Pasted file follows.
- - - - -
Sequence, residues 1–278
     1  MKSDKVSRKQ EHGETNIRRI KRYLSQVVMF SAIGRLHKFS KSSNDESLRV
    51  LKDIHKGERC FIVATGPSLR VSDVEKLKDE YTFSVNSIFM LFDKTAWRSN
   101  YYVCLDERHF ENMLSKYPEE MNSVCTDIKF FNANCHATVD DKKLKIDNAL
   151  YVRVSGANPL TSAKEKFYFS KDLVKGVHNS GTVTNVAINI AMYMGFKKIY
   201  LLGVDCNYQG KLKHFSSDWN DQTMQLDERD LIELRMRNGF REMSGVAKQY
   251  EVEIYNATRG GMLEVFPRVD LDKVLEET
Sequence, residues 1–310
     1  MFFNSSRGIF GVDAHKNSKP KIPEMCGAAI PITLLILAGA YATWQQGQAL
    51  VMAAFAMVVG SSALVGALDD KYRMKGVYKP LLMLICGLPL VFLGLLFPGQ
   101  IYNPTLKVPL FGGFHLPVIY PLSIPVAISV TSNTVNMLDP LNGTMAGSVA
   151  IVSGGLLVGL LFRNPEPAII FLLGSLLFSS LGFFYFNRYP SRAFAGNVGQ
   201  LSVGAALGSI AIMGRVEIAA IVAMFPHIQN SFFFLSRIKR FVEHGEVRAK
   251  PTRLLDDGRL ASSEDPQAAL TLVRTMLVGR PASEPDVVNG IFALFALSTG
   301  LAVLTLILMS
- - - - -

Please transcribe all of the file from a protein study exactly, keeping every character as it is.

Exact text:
Sequence, residues 1–278
     1  MKSDKVSRKQ EHGETNIRRI KRYLSQVVMF SAIGRLHKFS KSSNDESLRV
    51  LKDIHKGERC FIVATGPSLR VSDVEKLKDE YTFSVNSIFM LFDKTAWRSN
   101  YYVCLDERHF ENMLSKYPEE MNSVCTDIKF FNANCHATVD DKKLKIDNAL
   151  YVRVSGANPL TSAKEKFYFS KDLVKGVHNS GTVTNVAINI AMYMGFKKIY
   201  LLGVDCNYQG KLKHFSSDWN DQTMQLDERD LIELRMRNGF REMSGVAKQY
   251  EVEIYNATRG GMLEVFPRVD LDKVLEET
Sequence, residues 1–310
     1  MFFNSSRGIF GVDAHKNSKP KIPEMCGAAI PITLLILAGA YATWQQGQAL
    51  VMAAFAMVVG SSALVGALDD KYRMKGVYKP LLMLICGLPL VFLGLLFPGQ
   101  IYNPTLKVPL FGGFHLPVIY PLSIPVAISV TSNTVNMLDP LNGTMAGSVA
   151  IVSGGLLVGL LFRNPEPAII FLLGSLLFSS LGFFYFNRYP SRAFAGNVGQ
   201  LSVGAALGSI AIMGRVEIAA IVAMFPHIQN SFFFLSRIKR FVEHGEVRAK
   251  PTRLLDDGRL ASSEDPQAAL TLVRTMLVGR PASEPDVVNG IFALFALSTG
   301  LAVLTLILMS